Although the present invention has been described above and illustrated with bonding pads 12 that are large relative to the planar filament 11, it will be appreciated that the bonding pads 12 can be smaller, and/or can be configured for any type of electrical connection to the power source. Bonding pads 12 can include a post, a pad, or any other device configured to allow for an electrical connection in order to allow an electrical current to flow through the planar filament 11.

How to Make:

The filament 11, bond pads 12 a-b, and/or beam shaping pads can be a thin film material. To avoid handling damage to this thin film material during filament manufacturing and placement, the planar filament can be connected to a type of support structure. A support structure which electrically isolates one bond pad 12 a from the other bond pad 12 b can be used to allow an electrical current to flow from one bond pad to the other through the planar filament 11. The support structure can be situated such that it does not touch the planar filament 11. This may be desirable in order to avoid conductive heat transfer from the planar filament 11 to the support structure.

For example, electron emitter or filament device 110 in FIG. 11 can be supported by electrically isolated support structures 112 a and 112 b. An electrical connection can be made directly to the bond pads 12 a and 12 b, with a different electrical potential on one bond pad 12 a than on the other bond pad 12 b, thus allowing an electrical current to flow through the planar filament 11. Alternatively, if the support structures 112 a and 112 b are electrically conductive, an electrical connection can be made to the support structures, with a different electrical potential on one support structure 112 a than on the other support structure 112 b, thus allowing an electrical current to flow through the planar filament 11. The support structures can be a shape that allows easy placement into the equipment where the planar filament will be used.

The support structures 112 a-b can be attached to a support base 113 for additional structural strength and to aid in handling and placement of the planar filament 11. This support base 113 can have high electrical resistance in order to electrically isolate one support structure 112 and thus also one bond pad 12 from the other. The support structures 112 can be mounted onto the support base 113 with an adhesive, by pushing the support structures 112 into holes in the support base 113, with fasteners such as screws, or other appropriate fastening method.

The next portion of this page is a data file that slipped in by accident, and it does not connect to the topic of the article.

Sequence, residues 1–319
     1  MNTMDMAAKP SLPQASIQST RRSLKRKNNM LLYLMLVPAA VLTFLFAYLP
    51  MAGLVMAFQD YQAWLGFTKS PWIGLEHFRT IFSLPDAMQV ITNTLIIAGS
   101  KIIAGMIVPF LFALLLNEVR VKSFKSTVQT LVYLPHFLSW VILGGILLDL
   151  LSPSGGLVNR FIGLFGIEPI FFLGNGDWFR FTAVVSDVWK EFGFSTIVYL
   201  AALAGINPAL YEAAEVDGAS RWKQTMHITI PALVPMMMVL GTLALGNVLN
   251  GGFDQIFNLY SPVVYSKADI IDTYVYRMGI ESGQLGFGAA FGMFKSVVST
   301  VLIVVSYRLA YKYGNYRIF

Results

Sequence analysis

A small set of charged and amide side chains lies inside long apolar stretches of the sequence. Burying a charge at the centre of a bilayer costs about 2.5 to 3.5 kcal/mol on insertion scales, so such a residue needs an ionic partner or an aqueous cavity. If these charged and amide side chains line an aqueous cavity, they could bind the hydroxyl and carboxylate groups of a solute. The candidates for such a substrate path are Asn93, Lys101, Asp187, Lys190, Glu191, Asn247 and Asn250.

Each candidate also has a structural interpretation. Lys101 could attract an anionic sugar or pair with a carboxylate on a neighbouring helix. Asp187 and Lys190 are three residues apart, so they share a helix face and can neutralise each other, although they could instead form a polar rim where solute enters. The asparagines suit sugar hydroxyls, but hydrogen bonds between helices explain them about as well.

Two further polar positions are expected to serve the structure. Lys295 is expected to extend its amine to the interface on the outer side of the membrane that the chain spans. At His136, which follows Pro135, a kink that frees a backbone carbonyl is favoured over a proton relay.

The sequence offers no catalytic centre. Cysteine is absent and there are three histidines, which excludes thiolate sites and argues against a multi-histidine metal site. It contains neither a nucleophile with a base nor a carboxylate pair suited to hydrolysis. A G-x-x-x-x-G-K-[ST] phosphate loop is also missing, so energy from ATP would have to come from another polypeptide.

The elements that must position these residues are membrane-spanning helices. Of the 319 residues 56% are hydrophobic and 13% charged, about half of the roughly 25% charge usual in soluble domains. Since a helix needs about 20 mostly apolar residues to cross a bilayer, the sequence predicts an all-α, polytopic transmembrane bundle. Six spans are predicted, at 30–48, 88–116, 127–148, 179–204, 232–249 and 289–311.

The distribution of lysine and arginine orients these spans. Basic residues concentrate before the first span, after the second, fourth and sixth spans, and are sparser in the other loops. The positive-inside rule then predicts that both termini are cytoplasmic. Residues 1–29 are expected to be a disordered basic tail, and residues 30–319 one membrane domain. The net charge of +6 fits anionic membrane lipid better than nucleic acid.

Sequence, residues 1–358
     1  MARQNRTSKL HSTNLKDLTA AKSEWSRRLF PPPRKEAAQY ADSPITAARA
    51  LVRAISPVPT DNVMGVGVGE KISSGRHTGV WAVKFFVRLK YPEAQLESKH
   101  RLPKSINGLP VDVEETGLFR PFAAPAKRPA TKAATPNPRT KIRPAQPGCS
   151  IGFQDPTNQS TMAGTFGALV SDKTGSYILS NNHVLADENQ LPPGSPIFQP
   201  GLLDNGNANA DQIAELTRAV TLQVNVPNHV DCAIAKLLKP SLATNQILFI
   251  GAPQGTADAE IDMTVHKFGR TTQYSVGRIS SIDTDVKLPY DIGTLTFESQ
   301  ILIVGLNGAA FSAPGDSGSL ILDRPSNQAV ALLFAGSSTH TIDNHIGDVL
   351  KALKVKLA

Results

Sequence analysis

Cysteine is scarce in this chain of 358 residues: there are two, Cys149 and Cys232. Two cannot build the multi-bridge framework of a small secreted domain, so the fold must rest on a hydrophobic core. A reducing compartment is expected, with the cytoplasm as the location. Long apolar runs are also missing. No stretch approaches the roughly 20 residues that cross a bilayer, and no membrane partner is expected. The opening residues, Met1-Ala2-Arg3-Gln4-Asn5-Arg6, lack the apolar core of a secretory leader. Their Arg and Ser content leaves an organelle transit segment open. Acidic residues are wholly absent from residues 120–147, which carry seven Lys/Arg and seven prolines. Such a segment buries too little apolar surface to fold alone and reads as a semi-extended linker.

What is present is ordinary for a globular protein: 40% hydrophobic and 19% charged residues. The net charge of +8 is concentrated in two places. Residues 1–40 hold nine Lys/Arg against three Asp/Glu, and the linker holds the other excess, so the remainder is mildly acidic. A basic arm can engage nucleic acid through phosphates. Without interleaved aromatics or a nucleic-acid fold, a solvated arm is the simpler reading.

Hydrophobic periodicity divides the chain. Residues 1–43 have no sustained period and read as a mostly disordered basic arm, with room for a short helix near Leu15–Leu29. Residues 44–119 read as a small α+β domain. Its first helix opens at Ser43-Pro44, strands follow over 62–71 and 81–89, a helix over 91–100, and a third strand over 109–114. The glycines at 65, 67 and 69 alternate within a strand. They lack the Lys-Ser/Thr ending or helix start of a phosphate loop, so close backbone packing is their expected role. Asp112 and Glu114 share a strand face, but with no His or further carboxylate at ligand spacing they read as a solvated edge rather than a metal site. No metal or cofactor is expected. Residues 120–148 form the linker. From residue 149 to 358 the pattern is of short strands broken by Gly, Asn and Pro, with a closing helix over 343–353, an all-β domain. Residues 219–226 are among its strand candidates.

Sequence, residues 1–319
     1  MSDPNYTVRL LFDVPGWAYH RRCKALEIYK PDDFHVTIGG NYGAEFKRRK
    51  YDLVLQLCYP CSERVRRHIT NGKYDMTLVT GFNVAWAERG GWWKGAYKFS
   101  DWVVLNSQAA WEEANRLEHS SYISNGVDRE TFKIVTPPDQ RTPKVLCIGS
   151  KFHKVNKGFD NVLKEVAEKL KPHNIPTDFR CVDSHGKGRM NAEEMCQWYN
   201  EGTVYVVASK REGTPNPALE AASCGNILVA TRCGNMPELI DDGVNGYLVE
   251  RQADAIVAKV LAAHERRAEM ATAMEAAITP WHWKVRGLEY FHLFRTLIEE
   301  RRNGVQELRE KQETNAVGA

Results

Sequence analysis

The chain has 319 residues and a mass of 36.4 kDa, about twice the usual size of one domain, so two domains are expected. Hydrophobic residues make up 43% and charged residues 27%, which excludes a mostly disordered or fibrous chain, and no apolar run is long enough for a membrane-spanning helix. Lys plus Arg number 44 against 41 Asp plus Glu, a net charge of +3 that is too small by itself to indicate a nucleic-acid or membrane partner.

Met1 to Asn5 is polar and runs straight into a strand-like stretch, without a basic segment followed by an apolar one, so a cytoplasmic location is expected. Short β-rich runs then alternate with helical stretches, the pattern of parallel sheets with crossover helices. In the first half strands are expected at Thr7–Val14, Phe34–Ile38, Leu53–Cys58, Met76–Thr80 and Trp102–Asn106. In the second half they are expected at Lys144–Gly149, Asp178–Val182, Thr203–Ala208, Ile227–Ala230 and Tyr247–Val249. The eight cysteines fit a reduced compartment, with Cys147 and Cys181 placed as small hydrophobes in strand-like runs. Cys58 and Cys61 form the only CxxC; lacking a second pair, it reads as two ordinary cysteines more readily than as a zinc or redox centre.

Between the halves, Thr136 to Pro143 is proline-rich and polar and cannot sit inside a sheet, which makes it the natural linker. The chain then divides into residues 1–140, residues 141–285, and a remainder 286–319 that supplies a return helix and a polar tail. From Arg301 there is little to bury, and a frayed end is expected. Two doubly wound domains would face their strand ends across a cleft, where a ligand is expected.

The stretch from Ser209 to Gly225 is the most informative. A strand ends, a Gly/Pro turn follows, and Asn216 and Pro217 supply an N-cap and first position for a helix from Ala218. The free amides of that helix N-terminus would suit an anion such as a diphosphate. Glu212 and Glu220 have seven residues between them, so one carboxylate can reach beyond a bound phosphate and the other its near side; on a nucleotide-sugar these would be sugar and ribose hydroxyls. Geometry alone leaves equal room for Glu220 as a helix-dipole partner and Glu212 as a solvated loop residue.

A laser can be used to cut the layer 24 to create the planar filament 11 and bond pad 12 shapes. Alternately, the planar filament 11 and bond pad 12 shapes can be made by photolithography techniques. The layer 24 can be coated with photo-resist, exposed to create the desired pattern, then etched. These methods of making the planar filament 11 and bond pad 12 a and 12 b shapes apply to all embodiments of the filament device discussed in this application. These methods also apply to making the beam shaping pads. Forming the planar filament 11 and bond pad 12 structure through laser machining or forming the filament and bond pad structure through photolithography techniques may be referred to herein as “patterned” or “patterning”.

The layer 24 can be laser or spot welded onto the support structures 112 a and 112 b. The support structures 112 a and 112 b can hold the layer 24 in place while cutting out the planar filament 11 and bond pads 12 a and 12 b as discussed previously. Alternatively, the bond pads 12 a and 12 b can be laser welded onto the support structures 22 a and 22 b after the bond pads 12 a and 12 b and filament 11 have been cut.